Killarney win for Curley
This report is reproduced from Motoring News, 13 April 1972, kindly provided by Dave Price from his personal collection.
Despite the fears of some people that the Killarney Easter Rally would turn out to be a shambles due to the very short time available for its organisation, the event, held over the traditional Gallaher Circuit of Ireland Sunday run on Easter Sunday, went off without a hitch. Both Limerick and Munster Motor Clubs, who co-promoted the rally, deserved full marks for their efforts, which were compressed into just seven weeks. Eventual winners were Cathal Curley/Austin Frazer (Autoextra-powered BMW2002) after a terrific battle with the luckless Billy Coleman/Dan O’Suilleabhain whose Renault Alpine put a big-end bolt through the block while leading on the final special stage.
Although some of the expected Ulster names had not entered, there was a good quality entry with a 121 of the 126 hopefuls starting. Coleman’s repainted and generally tidied up Alpine was first away, and despite rumours of our 1.8 motor, the car was still fitted with a fusion 1.6 power unit. Curley/Frazer were next off, hoping to make up for their Galway retirement while leading, with the 1.8 BDA engined Escort of Mick Barry/Paddy Kavanagh at three. Gerry McNamara/Paddy Hogan were next in a 1.6 Escort TC entered by Zoppas, ahead of Mick Dolan/Jimmy Stewart (1.8 Escort TC) and the 1.6 version of John Bridges/Brendan Doyle.
Highest seeded Cooper S was that of Jimmy Reid/Jim Cusack at seven, followed by the new BMW 2002 of David Agnew/Robert Harkness, built from the remains of the car written off in Galway. At number nine came the Steinmetz-tuned team Castrol Opel Manta of Rosemary Smith (making her first Irish rally appearance for almost 2 years) and Joe Newman. John and Dick Keating filled 10th spot in their Escort, with the BDA engine being replaced by an almost standard twin cam unit at the last minute. Number 11 was the Porsche 911S of Cecil Vard, who has been doing the Circuit for the past 25 years, and Paul Phelan, while the first dozen was completed by the 1.6 David Wood engined twin cam of Corkmen Gregg O’Gorman and Leo Whyte.
Scrutiny, on good Friday night and Saturday morning, was uneventful, and the first car was flagged off at 13.00 to set out for the first special stage at Knockacullig. Best on this 6 1/2 miler was Curley (8m 10s) with Dolan just two seconds behind, then O’Gorman (8m 13s). Coleman had his customary slow start, and only managed 8m 30s. Barry was in trouble already, demolishing a gate and dropping two minutes in the process. Hugh O’Brien from Omagh put a rod out in his ex-Sclater Escort TC.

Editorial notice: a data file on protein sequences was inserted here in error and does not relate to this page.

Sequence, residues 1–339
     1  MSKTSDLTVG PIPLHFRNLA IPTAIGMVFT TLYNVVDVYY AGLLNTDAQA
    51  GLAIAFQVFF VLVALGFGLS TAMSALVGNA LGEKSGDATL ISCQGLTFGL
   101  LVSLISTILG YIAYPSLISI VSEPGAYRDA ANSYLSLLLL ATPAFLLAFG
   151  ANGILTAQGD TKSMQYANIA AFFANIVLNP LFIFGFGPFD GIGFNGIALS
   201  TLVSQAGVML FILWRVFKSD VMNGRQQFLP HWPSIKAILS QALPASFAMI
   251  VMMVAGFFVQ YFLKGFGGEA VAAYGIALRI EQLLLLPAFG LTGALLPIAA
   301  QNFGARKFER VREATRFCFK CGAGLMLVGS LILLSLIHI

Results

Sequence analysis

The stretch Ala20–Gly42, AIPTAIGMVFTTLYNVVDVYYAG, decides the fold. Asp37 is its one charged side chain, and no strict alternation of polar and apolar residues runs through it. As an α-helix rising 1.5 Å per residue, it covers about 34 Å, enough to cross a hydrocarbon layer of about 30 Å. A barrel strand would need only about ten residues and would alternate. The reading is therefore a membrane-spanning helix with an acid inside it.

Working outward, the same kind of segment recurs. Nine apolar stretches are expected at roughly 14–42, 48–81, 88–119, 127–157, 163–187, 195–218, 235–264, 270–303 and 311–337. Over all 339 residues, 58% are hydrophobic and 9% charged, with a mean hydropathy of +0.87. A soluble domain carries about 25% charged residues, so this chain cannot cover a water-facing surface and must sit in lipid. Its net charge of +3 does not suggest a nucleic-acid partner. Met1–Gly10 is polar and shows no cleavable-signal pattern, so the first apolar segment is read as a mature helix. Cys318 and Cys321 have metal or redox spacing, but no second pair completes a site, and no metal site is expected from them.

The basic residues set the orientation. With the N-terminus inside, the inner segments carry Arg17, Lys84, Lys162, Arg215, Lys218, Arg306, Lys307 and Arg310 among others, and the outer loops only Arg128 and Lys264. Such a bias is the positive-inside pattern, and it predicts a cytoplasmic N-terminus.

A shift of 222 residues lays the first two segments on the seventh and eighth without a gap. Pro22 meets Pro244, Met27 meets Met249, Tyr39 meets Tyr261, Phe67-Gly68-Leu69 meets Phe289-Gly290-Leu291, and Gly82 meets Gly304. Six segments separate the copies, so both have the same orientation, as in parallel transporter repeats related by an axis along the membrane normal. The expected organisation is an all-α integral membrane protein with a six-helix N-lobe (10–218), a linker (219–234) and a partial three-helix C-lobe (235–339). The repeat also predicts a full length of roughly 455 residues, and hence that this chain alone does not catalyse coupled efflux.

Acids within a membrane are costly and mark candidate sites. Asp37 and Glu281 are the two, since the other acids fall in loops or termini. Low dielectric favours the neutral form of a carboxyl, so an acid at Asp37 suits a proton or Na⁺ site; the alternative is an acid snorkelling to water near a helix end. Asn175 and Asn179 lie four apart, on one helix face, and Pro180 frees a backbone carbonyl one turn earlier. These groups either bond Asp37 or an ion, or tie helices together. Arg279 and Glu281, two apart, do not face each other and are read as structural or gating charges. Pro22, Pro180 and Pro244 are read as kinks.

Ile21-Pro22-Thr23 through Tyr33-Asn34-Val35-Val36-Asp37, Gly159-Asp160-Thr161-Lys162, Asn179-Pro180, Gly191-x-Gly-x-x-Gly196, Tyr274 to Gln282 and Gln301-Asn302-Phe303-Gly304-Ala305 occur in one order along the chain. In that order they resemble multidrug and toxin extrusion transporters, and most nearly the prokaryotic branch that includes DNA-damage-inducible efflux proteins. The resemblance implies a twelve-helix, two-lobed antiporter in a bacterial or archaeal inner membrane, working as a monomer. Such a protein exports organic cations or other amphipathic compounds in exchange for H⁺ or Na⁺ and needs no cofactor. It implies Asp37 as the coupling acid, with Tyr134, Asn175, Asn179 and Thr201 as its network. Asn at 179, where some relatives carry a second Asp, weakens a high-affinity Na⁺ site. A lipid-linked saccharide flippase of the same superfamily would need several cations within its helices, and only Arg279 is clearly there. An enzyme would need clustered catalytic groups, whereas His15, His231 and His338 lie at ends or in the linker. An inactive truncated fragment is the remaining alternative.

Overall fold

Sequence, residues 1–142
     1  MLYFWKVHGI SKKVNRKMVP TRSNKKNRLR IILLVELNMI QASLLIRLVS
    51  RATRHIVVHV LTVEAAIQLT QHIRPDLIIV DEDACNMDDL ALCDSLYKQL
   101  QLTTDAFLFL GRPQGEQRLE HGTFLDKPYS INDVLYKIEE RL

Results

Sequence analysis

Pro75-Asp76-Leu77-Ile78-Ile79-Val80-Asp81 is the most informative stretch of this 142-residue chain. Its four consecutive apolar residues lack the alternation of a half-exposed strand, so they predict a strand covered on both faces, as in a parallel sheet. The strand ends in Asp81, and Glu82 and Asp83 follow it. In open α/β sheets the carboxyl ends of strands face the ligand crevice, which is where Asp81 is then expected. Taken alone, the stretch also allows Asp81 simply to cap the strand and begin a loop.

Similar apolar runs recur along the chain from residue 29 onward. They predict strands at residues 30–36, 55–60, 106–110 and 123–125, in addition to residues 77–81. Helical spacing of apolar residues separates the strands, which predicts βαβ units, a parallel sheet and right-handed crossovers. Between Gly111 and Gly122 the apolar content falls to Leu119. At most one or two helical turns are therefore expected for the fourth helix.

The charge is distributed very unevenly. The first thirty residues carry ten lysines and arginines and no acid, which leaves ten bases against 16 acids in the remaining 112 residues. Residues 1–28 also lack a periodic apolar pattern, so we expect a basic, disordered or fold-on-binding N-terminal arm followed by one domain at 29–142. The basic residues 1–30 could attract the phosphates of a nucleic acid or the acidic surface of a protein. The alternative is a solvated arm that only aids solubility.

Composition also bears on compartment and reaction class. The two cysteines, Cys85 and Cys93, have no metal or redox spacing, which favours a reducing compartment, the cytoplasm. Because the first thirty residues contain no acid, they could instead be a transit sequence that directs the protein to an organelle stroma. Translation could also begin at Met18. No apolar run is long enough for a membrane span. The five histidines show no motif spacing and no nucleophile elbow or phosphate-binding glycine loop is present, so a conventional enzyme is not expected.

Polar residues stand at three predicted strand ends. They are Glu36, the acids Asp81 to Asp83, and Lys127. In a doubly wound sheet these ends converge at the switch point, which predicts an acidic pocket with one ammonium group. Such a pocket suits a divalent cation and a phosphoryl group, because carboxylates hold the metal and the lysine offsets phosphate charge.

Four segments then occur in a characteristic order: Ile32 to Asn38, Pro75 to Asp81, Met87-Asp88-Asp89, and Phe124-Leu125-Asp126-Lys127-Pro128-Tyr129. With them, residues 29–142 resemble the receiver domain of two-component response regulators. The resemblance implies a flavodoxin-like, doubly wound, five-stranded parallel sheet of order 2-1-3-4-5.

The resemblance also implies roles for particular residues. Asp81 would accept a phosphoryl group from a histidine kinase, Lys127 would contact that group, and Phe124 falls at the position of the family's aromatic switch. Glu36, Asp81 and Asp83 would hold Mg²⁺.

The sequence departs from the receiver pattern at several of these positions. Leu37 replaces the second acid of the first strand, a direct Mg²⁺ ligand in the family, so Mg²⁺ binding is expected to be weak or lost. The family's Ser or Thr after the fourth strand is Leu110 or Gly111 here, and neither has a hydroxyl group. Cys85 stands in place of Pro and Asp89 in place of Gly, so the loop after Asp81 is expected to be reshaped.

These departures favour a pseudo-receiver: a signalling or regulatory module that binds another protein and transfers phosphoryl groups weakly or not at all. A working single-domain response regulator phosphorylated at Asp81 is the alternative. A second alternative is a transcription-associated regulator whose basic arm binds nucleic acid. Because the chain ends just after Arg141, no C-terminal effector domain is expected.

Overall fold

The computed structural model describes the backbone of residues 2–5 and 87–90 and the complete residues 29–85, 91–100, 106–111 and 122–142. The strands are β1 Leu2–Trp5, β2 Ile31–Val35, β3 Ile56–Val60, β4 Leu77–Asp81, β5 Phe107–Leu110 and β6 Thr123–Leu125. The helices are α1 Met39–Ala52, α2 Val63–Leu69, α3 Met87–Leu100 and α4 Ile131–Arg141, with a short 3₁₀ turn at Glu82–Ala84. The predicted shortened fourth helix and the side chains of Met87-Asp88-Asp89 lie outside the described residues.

Special stage two was a modified version of last years Mount Eagle. This time, Barry stayed on the road, setting best time at 9m 07s, followed by Dolan 9m 11s, Curley 9m 13s, and O’Gorman 9m 21s. The third stage was at Breanagh River but watch trouble forced cancellation later in the evening. However this was a little consolation for Gerry McNamara whose Escort slid off on a patch of oil on the approach to “Ytterbring’s Bridge” and was too badly damaged to continue.
A longish drive brought the field to the fourth stage, Gortnagane, which is regarded as Billy Coleman’s private property, starting as it does in his hometown of Millstreet. Sure enough, he was best on this 13.8 mile section, by no less than 43 seconds from Curley, thereby taking the lead. O’Gorman was third quickest, a further 10 seconds in arrears on 15.04, with Dolan 15.17, and the Cooper S of Arnie Poole/Kenny Johnston completing the leaderboard with 15.19. This proved to be an eventful stage with Jimmy Reid rolling the Cooper out of the rally and Terry power/Liam Breslin retiring their Escort TC with front end damage. Charlie Gunn narrowly avoided the banks and walls during a spin, and Mick Barry had another short off. John Dempsey/Ray Murphy retired the ex-Smith, ex-Cotter Hornet when a drive shaft broke on landing after a jump, having already been off a couple of times and suffered a petrol fire.
Special stage five was a repeat of Knockacullig, and again Carly was on top (7.59) by a mere second from Coleman. O’Gorman maintained the pressure keeping in touch with at 8.04. After the stage, a generous time allowance and an official service area gave ample opportunity to get cars back into fighting trim before going into Parc Fermé for the night. Placings with five stages completed (although only 4 to count) out of the 16 scheduled were as follows:
- Coleman/O’Suilleabhain (40.09);
- Curley/Frazer (40.16);
- O’Gorman/Whyte (40.42);
- Dolan/Stewart (41.06);
- Poole/Johnston (41.21)
- Gunn/McEvoy (41.18)
- D Fitzgerald/M Daly (41.38)
Agnew’s BMW and the Twin Cams of Maurice and Gerry Forde followed.
Highest placed group one car was the BMW 2002 Tii of STP Circuit of Galway organiser Eamonn Cotter/Mick Healy, while Vard’s Porsche had a 31 second advantage over the 2.2 Litre 911T of Alec Poole. Poole elected to drive the Porsche after deciding that the ex-Bill Shaw racing “Auntie” Rover 3500 was not quite suitable.
After the traditional Saturday night festivities, the early Sunday start had crews leaving Parc Fermé at 07:25am and heading for Moll’s Gap. The bright sunshine of Saturday had unfortunately been replaced by torrential rain and low clouds, making things very unpleasant. Up Moll’s Gap, Greg O’Gorman showed what an advantage local knowledge is by passing two cars and setting a non-approachable 16.34. Mick Dolan, who always likes this stage, had 16.47, while Coleman, who had been delayed 10 minutes before the start with an electrical fire in the dash wiring, did 16.56.
An excellent performance was that of Dermot O’Sullivan, who was fourth best overall in his Anglia TC, only two seconds behind the Alpine. Curley trailed way behind with 17.37, dropping to 3rd place. Joan and Mary Murphy, who had been chasing hard for second place in the ladies’ category in their group one Clubman GT, rolled near the end of the stage, escaping unhurt and with amazingly little damage to the car.